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“In a world that trades narratives, the return of Roaring Kitty is bullish for small caps and crypto,” he adds. 

How is the meme stock rally different this time?

Of course, assessing whether the meme stock rally is different this time is difficult to tell at this stage. However, LunarCrush’s platform is said to have captured a significant spike in social activity surrounding GameStop. 

According to the firm, since Roaring Kitty’s latest post, social interactions have increased by 162.9%, and posts created have increased by 37.6%, with more than 11.3 million interactions observed. The surge in social metrics has coincided with a sharp increase in the company’s stock price and trading volume, highlighting the significant influence of social media on financial markets.

On Monday, GameStop shares jumped by more than 74%, following that up with a 60% rise on Tuesday. For the year-to-date, it is now up 100%, while over the last month, it has surged 219%. 

When assessing sentiment on LunarCrush, it indicates that 33% of the interactions are positive, with YouTube leading as the platform with the most positive sentiment towards GameStop at 52.3%. Furthermore, LunarCrush notes that the positive sentiment is reflected in the enthusiastic engagement of 3,020 creators who have collectively generated over 8,521 posts, driving a robust dialogue about the stock’s future.

The firm believes that if meme stocks can sustain a rally for several weeks, it could “reignite excitement in the markets, particularly for retail traders who have been largely inactive.”

“Until now, the ‘Robinhood’ trader has been conspicuously dormant, with little presence in market bids,” they write. “A modest but persistent rally in meme stocks could very well reactivate this group.”

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LunarCrush feels that retail traders, who have been parked in 5% money markets for over a year, are now showing a growing appetite for higher returns.


5 analysts discuss Fed and Powell’s next moves as CPI data shows signs of cooling

The U.S. consumer price index (CPI) for April indicated a modest slowdown in inflation, which was roughly in line with market forecasts.

The CPI rose 3.4% year-on-year, a slight deceleration from the 3.5% increase reported in March. On a month-to-month basis, the index saw a 0.3% rise, which is less than the 0.4% anticipated and equal to the growth in March.

The Bureau of Labor Statistics (BLS) pinpointed shelter and gasoline prices as the primary contributors to the index’s monthly rise, accounting for over seventy percent of the overall increase.

The core price measure, which excludes volatile items such as food and energy, also reflected a modest slowdown. Year-on-year, the core CPI increased by 3.6%, compared to the 3.8% growth seen in the previous month. The monthly increase for the core index was 0.3%, down from the 0.4% rise in March.

In related news, U.S. producer prices for April showed a more significant increase than expected, reinforcing the view that inflation pressures are persisting into the second quarter. As a result, investors are adjusting their expectations for U.S. interest rate cuts.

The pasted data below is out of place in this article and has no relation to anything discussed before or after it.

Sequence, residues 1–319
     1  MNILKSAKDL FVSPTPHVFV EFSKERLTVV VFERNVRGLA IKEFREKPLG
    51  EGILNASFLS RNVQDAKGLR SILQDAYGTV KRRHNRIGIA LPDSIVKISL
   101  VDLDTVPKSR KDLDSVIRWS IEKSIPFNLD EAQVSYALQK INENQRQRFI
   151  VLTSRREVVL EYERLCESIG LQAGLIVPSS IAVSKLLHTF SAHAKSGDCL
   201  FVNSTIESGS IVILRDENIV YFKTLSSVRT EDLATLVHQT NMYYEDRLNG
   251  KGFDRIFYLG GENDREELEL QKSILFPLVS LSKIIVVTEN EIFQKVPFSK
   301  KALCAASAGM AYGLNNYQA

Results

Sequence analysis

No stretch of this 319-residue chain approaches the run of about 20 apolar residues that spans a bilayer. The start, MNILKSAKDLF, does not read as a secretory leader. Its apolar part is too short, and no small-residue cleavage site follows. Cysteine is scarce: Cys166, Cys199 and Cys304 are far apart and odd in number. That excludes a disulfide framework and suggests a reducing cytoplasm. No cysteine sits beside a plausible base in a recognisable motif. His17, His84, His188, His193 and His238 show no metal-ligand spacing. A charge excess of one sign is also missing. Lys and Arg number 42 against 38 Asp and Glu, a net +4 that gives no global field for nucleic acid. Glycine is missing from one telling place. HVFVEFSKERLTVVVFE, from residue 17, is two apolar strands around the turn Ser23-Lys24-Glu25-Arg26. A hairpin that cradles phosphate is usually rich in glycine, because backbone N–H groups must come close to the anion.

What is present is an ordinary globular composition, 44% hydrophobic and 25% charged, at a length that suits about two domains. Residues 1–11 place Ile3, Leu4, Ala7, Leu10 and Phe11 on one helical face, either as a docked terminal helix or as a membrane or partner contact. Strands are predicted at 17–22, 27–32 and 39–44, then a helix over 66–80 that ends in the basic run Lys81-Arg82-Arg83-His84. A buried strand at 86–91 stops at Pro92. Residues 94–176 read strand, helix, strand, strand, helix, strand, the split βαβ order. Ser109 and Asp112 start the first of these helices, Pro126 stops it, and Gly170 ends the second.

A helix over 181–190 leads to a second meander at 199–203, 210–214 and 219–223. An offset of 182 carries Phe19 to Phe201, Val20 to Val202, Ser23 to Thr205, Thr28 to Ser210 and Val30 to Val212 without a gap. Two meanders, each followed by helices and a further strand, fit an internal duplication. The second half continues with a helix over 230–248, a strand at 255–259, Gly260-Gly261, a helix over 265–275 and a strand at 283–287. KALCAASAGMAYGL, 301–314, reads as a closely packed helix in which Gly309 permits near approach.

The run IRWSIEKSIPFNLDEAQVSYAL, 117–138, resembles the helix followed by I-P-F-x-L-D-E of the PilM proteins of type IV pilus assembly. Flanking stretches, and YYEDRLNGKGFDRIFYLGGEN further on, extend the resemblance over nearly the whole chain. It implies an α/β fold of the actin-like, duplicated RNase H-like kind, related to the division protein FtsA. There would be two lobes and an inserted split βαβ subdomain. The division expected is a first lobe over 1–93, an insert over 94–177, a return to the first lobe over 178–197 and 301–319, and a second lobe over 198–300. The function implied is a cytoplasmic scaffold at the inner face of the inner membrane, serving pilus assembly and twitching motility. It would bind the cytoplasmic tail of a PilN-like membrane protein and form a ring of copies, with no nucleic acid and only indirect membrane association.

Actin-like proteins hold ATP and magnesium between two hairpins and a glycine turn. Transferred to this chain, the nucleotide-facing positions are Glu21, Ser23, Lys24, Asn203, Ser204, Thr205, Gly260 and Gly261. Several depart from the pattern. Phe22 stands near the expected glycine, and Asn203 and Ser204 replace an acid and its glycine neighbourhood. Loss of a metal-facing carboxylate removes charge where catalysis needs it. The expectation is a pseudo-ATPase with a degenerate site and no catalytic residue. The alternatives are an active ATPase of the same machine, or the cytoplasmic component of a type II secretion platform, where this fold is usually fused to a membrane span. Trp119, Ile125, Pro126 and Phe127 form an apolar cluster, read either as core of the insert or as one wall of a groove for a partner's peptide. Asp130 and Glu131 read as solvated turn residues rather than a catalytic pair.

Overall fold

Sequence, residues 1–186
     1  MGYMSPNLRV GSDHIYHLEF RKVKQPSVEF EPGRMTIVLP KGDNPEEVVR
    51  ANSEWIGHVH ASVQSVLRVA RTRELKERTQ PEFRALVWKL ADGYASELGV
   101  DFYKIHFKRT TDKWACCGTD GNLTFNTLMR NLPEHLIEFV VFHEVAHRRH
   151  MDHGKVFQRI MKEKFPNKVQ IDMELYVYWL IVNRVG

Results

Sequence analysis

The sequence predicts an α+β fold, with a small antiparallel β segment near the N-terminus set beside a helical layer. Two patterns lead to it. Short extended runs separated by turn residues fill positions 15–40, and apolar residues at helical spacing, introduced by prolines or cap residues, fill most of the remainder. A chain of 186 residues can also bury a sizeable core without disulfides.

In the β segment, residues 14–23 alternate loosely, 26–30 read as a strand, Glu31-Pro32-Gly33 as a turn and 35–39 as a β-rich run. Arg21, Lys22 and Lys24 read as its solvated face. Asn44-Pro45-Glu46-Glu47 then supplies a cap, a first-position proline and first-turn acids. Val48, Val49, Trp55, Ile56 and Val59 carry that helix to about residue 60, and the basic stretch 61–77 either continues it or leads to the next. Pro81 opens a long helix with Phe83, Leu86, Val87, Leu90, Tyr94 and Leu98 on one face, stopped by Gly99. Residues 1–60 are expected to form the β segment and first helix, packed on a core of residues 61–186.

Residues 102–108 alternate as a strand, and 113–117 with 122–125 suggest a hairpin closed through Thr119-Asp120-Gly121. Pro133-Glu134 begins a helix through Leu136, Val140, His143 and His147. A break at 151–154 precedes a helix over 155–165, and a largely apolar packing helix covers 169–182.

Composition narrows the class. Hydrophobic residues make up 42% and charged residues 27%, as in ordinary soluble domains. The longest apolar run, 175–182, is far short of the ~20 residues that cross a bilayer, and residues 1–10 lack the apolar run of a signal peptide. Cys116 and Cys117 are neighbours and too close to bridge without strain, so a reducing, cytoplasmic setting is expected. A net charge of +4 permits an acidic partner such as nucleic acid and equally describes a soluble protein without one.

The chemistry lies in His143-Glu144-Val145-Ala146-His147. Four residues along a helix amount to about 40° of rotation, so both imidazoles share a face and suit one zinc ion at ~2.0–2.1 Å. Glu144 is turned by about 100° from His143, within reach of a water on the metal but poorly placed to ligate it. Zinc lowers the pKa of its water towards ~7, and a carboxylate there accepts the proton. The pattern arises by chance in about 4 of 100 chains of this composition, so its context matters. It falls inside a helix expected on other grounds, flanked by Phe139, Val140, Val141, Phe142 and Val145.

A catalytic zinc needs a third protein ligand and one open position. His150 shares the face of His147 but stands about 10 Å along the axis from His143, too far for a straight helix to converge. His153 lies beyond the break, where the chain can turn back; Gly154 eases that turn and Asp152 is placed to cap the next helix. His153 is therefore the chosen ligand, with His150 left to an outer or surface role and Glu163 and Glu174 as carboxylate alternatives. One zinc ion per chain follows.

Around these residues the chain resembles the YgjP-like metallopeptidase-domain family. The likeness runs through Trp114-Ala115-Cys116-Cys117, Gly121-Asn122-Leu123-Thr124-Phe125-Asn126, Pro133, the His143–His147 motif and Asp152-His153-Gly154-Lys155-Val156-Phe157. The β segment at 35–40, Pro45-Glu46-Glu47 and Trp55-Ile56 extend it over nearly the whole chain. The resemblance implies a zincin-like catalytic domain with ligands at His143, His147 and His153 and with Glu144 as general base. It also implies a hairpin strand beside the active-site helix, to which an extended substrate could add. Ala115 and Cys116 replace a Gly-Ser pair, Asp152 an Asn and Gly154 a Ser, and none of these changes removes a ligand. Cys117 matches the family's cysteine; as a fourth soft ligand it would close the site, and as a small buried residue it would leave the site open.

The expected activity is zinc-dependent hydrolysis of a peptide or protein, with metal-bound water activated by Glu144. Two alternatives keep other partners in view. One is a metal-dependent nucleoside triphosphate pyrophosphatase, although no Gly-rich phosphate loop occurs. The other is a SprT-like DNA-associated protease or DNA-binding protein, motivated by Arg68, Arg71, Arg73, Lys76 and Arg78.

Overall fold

Market predictions now suggest less than 50 basis points of rate reductions by the end of December.

Despite the slight slowdown, the numbers remain above the Federal Reserve’s target rate of 2%, which is considered necessary for stable and sustainable growth. Here are the first reactions from Wall Street analysts.

Evercore ISI: “[T]he cooling of inflation is continuing as most leading indicators for inflation are falling, though it will hit tough comps in two months. Retail sales release was quite soft. These releases suggest lower Treasury yields and inflation expectations… We tentatively estimate payroll employment will climb 150K in May. The unemployment rate could stay at 3.9%.”

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RBC Capital Markets: “The on-consensus CPI turnouts in the U.S. in April is a small relief but far from a cause of celebration. Price pressures moderated slightly but for the most part remained heightened, as readings for core measures stayed high… [W]e expect the Fed will stay on the sideline for most part of the year before opting for a first rate cut later in December. That’s of course contingent on CPI readings continuing to move lower in the interim.”

Wolfe Research: “We continue to believe we are past peak Fed hawkishness, and expect softer inflation and growth data in the near term to make the case to the FOMC for a September cut (as well as December).”

Wells Fargo: “We believe it will take at least a few more benign inflation readings for the FOMC to feel sufficiently confident to begin lowering the fed funds rate. We continue to look for the first rate cut from the FOMC to come at its September meeting, but any additional bumps in the road would likely push that timing back, absent a marked deterioration in the labor market.”

Morgan Stanley: “This weaker print compared to 1Q24 is the first month this year adding to the convincing evidence the Fed needs to start cutting in soon. We still expect more deceleration ahead, especially in 2H24, and we maintain our call for a first cut in September this year.”


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Consumer price growth slowed marginally in April; CPI rose an annualized 3.4%

Investing.com – U.S. inflation slowed marginally in April, while the gauge of core prices closely watched by the Federal Reserve decelerated slightly but remained stubbornly elevated.